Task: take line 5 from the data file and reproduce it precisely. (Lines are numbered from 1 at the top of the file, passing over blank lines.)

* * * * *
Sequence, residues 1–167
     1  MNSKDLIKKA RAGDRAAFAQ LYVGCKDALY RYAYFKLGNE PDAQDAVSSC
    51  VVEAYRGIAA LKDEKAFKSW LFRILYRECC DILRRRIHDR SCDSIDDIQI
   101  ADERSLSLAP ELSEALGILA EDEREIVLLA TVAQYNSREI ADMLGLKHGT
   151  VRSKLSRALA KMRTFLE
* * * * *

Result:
   151  VRSKLSRALA KMRTFLE